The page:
Mike Sturla, a member of Pennsylvania’s House of Representatives, was recently re-elected to another term in office. Sturla has served in PA’s House of Representatives for the past 20 years and he has worked continuously to improve Lancaster County, while observing a number of changes to the community and state politics.
Sturla, born and raised in Lancaster County, first took public office in 1987 when he was elected to the Lancaster City Council. According to his website Sturla held this office for four years while also serving on the Lancaster City Planning Commission. In 1990, he was asked to run for a seat in Pennsylvania’s House of Representatives in the 96th District, which includes Lancaster City as well as areas of Lancaster Township and Manheim Township.
“I was urged by some of the constituents who liked the job I was doing on the Lancaster City Council,” Sturla said.
Sturla was elected to the State House and began his term in 1991. He has served as a state representative ever since and has been re-elected to office 11 times; last month, the incumbent Sturla defeated challenger Thomas Garman, Jr. by a margin of over 9,000 votes according to Lancaster County’s election website.
Since first taking office in 1991, Sturla has seen some of Pennsylvania’s political attitudes change.
“The climate is much more partisan,” Sturla said. “Twenty years ago, once elections were over, all parties quickly came to consensus, in that they were elected to govern and that compromising was part of that. Today, compromise is often viewed as weakness or capitulation.”
Sturla also believes the economy of Lancaster has matured.
“Fifty years ago I think the mindset was urban renewal,” Sturla said. “Tear it down, rebuild, and you are good to go for another 50 years. But about 25 years ago, Lancaster realized that’s not how it works. It is an everyday effort but that effort has produced some great results. The trick now is sustaining that effort, and not getting complacent with our community’s success.”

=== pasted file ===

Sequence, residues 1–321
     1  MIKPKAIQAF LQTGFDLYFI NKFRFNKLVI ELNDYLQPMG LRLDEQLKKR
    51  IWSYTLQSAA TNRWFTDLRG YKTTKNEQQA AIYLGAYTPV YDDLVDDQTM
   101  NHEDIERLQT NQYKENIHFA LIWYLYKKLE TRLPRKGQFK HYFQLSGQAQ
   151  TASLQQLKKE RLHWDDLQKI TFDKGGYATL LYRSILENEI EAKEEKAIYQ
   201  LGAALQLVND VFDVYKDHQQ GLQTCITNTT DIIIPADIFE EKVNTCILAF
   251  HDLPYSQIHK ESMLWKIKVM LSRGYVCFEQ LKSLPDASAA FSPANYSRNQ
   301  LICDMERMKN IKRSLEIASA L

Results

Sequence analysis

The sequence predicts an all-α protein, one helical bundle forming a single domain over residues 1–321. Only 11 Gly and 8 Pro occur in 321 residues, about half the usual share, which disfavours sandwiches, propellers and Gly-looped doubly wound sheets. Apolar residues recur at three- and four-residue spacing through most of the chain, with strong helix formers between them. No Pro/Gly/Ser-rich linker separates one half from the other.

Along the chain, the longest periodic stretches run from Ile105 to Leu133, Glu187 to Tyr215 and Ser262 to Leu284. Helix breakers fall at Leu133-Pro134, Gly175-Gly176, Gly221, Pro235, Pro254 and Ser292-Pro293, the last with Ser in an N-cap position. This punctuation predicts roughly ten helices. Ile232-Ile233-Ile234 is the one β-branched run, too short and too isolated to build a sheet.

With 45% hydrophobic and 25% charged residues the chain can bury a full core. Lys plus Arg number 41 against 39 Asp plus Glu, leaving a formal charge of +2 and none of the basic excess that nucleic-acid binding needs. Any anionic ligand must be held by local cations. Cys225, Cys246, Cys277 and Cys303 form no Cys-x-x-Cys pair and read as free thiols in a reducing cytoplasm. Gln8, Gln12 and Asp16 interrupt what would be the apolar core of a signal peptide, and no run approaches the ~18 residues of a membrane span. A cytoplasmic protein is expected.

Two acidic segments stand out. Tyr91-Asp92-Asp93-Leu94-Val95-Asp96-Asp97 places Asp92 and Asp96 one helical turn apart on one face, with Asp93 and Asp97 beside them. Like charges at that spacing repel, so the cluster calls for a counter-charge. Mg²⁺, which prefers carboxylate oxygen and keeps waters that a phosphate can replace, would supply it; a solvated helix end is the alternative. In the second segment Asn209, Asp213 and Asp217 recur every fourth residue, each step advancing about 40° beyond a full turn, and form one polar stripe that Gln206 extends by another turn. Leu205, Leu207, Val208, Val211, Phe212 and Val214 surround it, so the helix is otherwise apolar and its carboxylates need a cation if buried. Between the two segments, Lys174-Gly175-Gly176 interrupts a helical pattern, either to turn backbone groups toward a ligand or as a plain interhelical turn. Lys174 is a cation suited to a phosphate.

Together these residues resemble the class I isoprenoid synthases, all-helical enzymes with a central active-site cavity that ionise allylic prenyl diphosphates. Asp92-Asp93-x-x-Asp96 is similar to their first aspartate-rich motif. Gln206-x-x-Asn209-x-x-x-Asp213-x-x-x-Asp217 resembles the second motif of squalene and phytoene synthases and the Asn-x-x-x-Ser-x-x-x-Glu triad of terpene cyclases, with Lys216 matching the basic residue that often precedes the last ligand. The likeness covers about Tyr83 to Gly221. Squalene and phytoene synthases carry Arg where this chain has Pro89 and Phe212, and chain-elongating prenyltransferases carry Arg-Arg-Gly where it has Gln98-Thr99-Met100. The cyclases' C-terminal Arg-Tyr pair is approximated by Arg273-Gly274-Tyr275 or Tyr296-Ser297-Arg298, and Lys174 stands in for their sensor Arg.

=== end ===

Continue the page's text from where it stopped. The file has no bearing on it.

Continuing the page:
Sturla was elected by his fellow representatives to serve as the House Democratic Policy Committee Chairman three years ago. The Democratic Policy Committee, according to Sturla, looks at certain state or local issues in order for Pennsylvania’s Democratic Party to formulate its position. The committee also meets with party members to gather information and educate their constituents about legislation and policy decisions.
One of the projects Sturla is focusing on is securing transportation funding for the state.
“Pennsylvania is home to more structurally deficient bridges and poor roadways than any state in the country,” Sturla said.
He hopes increased funding will allow for improvements to the state’s infrastructure, improving its economic competitiveness and removing the hazards presented by unsafe roads and bridges.
Sturla is also concerned with certain urban issues in Lancaster: poverty, education, and funding cuts.
“The median household income for Lancaster City in 2009 was $33,312,” said Sturla. “The statewide average was $49,520.”
This poverty has an array of repercussions, many of which affect local schools. Sturla said 1,000 children out of the 12,000 in the School District of Lancaster are identified as homeless. For this reason, Sturla is working to improve education funding for schools, especially with regard to special education. He is also working to increase funding for other services, such as local police and fire departments.
Sturla also supports education at the collegiate level; some of his initiatives have benefited F&M.
“I worked to get F&M $10 million in funding for [F&M’s] Life Sciences Building,” he said. “I also introduced legislation to adopt a one percent sales tax to help fund higher education in Pennsylvania.”
Sturla begins his 12th term as a state representative in January.
“I’m excited to be back at the Capitol to fight for the residents of Lancaster again,” he said.
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